Monday, March 22, 2010

My Brain Never Tires

There's this phrase that I don't like much. It goes: "You've got your head in the clouds." I think it means that I am a thinking person. Which is why the phrase strikes me as ridiculous. It would be more accurate to say that I have my head cerebrally located -- perhaps differing from the bodily locations where others sometimes keep their heads? Another meaning of the phrase "head in the clouds" is the notion that I'm not here on earth. I do not understand why it's not possible to be a thinker, a dreamer, and a realist at the same time. There are so many false dichotomies that seem to persist in day-to-day living.

I like to think about dichotomies sometimes -- true or false. I took a logic course a long time ago and I remember reading the tactics for challenging statements of this sort. A dichotomy sets up a sort of "if" . . . "then". . . scenario. For example, "If God created the world, then evolution is false." Or vice-versa. I know that's a big can of worms and I do not wish to get into a debate at the moment. But why is so little merit given to the notion that God creating the earth and evolution could co-exist? Why are so many things considered offhandedly wrong just because we want something else to be right? The best way to challenge the argument seems to mean that you must take one side or the other. I kind of like to consider the possibility that both might be true or both might be false.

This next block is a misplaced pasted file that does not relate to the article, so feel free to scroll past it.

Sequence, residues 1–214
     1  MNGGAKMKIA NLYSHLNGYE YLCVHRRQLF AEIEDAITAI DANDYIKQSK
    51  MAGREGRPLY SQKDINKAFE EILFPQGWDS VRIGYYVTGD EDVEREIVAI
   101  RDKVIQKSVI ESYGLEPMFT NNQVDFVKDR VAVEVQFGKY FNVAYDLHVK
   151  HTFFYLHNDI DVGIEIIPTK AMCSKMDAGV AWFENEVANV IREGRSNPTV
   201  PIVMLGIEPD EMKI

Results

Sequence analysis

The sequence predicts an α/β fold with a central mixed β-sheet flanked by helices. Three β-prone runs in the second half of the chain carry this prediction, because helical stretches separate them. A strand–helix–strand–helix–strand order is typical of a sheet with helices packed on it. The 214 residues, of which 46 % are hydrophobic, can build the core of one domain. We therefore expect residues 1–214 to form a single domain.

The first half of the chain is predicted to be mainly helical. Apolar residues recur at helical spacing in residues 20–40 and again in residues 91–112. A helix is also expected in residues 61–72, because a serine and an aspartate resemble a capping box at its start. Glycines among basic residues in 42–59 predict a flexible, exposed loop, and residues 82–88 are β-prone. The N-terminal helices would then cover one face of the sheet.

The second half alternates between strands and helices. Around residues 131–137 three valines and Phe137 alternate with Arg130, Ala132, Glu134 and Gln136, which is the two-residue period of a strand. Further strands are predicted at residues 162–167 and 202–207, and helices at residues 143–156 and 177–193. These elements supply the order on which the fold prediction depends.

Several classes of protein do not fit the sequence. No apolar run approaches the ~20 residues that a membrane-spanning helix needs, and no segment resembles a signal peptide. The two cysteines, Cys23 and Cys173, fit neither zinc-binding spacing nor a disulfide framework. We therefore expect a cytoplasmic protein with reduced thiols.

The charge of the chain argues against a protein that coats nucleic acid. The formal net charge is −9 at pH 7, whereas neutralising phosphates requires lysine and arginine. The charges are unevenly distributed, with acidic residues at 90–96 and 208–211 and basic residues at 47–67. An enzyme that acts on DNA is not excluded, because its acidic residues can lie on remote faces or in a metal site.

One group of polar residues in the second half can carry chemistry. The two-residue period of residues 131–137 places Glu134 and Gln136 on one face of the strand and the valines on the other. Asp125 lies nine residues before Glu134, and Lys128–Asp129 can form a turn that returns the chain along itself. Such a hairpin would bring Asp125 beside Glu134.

There are so many things that exist in tandem. You might say the world is much more gray than it is black and white. But it is comforting to see the black and white more clearly than the gray. For example, villains should be like the ones in cartoons, or like Voldemort: all evil. But then you get heroes who are not completely good. Face it, none of them are. Peter Pan was kind of a self-righteous snot; Harry Potter rarely trusts his friends; Odysseus got all his friends killed and made up stories constantly. I could go on. If the heroes can have flaws, even traits we would consider "evil" then why can't the villains have some good in them?

Or is it that fear of the unknown that people wish to avoid. That fear that if you look into the eyes of the villain and see that he's only human then you won't want the hero to take him out anymore? And what does it mean for the rest of society? It appears to mean that bad can exist in the shape of good. Which means that it takes work to tell what is right and what is wrong. It's easier just to pretend that all things operate on extremes. Isn't it?

3 comments:

bel te shaz zar said...

agreed. seeing things in simple black/white terms is the easy way out, almost like an intellectual abdication of responsibility. it's a natural impulse, all of us do it in some form or another.

- dan

http://hyesung000.blogspot.com/ said...
This comment has been removed by a blog administrator.
Xana Ender said...

There are two kinds of people in this world: those who see things in terms of dichotomies and those that don't.

To be serious though, it seems possible that people disbelieve some strawman and so tear it down in their minds and believe the opposite, because they didn't know there's another choice.